Sunday, January 3, 2010

The Dallas Cowboys' Debt Star Claims Another Casualty

This is the house that the City Of Arlington Texas built with other peoples' money and land. Cowboys Stadium.
When Jerry Jones and the City Of Arlington were conning the taxpayers into building Jerry a new stadium, one of the arguments they used went something like this:

The stadium will increase business in the area around the stadium. There will be a retail and restaurant boom. It will create jobs in Arlington, so many that we'll be justified in taking people's homes by force and bulldozing them for parking space.

People bought the argument.

Well, the new Cowboys Stadium has started claiming casualties.

About a dozen years ago, I was the manager of this Barnes & Noble store near the stadium in North Arlington. It was one of the last ones B&N built with a full book, CD, and software selection, plus a Starbucks coffee bar.

The store closed on New Years Eve.
Guess what killed it? On game days and concert days, customers avoided the neighborhood. On all other days, the city was working on the roads to improve access to The Boss Hawg Bowl, and customers avoided the neighborhood.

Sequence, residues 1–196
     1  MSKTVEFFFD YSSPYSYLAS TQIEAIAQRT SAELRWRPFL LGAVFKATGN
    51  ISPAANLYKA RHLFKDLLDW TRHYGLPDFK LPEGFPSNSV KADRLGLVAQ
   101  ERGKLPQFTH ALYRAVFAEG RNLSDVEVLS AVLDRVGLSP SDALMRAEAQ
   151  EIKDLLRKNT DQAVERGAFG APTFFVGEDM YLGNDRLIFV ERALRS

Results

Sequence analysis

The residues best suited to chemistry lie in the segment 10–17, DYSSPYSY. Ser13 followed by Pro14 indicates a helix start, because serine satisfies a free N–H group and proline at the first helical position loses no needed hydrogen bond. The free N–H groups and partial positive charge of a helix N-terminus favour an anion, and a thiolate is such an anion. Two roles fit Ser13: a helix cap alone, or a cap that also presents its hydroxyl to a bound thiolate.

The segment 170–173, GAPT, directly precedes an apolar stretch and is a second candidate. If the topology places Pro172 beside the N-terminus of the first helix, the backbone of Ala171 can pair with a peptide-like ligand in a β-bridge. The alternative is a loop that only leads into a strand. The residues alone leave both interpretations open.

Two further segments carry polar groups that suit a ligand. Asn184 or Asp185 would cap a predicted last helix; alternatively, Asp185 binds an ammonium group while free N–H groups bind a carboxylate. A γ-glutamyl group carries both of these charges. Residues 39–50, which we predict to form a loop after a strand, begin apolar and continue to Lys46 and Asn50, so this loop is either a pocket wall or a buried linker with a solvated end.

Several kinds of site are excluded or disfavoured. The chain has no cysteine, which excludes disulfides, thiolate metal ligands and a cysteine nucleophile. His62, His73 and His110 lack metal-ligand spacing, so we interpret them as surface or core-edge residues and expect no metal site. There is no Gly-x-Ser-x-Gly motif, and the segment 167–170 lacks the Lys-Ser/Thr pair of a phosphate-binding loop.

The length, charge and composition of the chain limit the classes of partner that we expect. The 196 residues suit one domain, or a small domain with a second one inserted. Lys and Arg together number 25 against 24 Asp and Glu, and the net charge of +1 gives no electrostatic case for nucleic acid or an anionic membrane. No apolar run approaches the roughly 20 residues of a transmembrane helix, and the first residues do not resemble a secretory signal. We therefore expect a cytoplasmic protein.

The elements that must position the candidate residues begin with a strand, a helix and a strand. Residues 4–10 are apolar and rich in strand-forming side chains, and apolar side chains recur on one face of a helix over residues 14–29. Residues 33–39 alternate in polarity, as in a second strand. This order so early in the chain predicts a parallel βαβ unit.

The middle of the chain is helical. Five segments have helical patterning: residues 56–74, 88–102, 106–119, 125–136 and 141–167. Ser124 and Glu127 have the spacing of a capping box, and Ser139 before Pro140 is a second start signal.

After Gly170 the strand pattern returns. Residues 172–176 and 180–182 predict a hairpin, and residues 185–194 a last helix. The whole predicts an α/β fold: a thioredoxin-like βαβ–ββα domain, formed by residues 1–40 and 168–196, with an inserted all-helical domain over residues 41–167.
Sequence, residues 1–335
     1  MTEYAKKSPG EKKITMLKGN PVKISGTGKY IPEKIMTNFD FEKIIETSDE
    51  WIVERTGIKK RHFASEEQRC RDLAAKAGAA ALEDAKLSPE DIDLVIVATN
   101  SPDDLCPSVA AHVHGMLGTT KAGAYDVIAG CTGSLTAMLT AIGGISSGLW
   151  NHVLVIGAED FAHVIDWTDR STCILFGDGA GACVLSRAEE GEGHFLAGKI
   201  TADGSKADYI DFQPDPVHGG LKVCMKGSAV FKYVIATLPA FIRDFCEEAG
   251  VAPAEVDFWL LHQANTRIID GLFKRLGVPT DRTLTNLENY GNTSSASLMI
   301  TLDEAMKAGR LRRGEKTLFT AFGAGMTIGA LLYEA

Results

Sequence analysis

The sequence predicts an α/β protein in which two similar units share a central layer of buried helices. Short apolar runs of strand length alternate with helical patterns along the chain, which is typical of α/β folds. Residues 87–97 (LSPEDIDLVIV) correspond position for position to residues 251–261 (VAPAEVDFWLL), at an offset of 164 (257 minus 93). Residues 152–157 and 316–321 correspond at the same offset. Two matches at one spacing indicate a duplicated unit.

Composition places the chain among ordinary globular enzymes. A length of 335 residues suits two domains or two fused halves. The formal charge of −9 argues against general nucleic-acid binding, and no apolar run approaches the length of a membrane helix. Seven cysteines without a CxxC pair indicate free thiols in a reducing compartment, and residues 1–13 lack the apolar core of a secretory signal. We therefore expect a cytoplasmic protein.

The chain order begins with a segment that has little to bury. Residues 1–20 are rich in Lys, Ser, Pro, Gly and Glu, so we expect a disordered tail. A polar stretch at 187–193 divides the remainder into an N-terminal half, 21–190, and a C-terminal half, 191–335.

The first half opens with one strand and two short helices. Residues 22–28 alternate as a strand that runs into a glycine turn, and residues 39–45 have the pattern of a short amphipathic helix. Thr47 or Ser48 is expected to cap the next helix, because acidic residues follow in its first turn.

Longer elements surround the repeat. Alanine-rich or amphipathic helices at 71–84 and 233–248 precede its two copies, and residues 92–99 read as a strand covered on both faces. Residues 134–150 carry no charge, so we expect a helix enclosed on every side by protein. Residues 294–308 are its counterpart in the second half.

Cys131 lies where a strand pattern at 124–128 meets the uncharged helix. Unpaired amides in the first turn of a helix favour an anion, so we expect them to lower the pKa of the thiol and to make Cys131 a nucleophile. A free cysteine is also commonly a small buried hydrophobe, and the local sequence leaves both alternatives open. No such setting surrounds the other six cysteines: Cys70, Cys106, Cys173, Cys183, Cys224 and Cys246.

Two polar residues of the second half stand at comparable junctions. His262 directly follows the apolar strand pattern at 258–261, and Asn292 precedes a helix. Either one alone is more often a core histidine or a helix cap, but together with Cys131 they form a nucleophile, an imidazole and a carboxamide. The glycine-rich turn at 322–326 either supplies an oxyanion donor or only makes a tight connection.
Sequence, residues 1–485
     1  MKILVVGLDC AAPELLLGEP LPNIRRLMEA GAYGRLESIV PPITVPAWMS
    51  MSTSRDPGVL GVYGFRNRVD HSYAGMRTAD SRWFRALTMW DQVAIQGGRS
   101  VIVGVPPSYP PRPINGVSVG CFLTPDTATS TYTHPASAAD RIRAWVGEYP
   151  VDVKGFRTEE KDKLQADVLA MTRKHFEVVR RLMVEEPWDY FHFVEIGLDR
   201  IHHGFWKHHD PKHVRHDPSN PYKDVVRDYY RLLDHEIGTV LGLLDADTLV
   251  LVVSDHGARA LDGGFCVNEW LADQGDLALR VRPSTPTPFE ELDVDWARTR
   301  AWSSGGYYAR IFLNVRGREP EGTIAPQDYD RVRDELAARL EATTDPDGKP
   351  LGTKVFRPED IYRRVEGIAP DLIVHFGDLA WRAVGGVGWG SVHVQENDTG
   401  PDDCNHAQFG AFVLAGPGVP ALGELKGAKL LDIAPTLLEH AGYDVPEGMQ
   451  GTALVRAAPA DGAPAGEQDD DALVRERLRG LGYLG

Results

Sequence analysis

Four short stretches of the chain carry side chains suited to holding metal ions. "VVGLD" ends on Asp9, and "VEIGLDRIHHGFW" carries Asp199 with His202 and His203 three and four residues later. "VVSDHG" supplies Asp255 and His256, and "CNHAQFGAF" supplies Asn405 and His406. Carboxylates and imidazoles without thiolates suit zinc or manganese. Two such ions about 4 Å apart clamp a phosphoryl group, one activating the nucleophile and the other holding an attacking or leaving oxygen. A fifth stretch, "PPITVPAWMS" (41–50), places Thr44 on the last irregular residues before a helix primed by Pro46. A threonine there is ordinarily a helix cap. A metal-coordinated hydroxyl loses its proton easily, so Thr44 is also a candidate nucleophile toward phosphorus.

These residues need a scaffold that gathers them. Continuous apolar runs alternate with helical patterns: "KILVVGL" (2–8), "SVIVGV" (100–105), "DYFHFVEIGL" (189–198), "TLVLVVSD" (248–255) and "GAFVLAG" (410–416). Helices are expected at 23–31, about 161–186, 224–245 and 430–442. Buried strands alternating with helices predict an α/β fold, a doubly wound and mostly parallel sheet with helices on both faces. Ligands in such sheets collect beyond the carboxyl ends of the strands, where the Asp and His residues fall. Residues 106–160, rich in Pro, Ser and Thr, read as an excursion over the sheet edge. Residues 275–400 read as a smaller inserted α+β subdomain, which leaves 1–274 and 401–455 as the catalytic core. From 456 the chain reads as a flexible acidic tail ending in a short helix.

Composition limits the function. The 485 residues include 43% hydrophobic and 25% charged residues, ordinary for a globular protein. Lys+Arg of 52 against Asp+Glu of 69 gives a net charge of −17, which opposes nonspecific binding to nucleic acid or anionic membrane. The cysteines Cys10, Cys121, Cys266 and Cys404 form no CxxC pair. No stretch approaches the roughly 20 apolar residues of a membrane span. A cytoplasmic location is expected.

As a life-long Mark Twainiac, I loved, loved, loved this mural in the coffee bar:

Ok, so Amazon, file-sharing, and the internet are cutting into book and retail music sales.
The stadium was still supposed to be a godsend for restaurants and bars.
This bar/restaurant (in the picture below) was in the front parking lot of the B&N. It was one of those Hooters/Twin Peaks/Bone Daddy's - type places.
The stadium killed it. There are lots of places in DFW to watch the Cowboys, but one place you don't want to be anywhere near on game day, unless you have a ticket, is within 10 miles of that stadium.
Look at the restaurant/retail wasteland around the old Cowboys Stadium in Irving. Was it ever possible to buy a hamburger within 3 miles of that place?

Here's some empty retail to the west of the Barnes & Noble. I remember it being fully occupied, or close to it. I wish I'd gotten photos a couple of years ago.

I don't think this is what the Arlington City Council had in mind....

Like most libertarians, I have an appreciation for what Joseph Schumpeter called "Creative Destruction". We can't make progress with new ideas if old ideas have to be preserved at all costs. The B&N would've eventually died, but in this case, Dr. Jerry Kevorkian sped things along.
A funny thing happens when government forces a new idea. Jerry Jones didn't have to pay the price that businesses and families were asking for this land in Arlington. The Government determined the price, via an abuse of Eminent Domain. The free market didn't determine if a Debt Star Stadium would ever be profitable in the middle of North Arlington. It was theft by plebiscite. The typical voter probably spent less than two minutes seriously considering the secondary and tertiary effects of buying Jerry Jones a new toy in Arlington.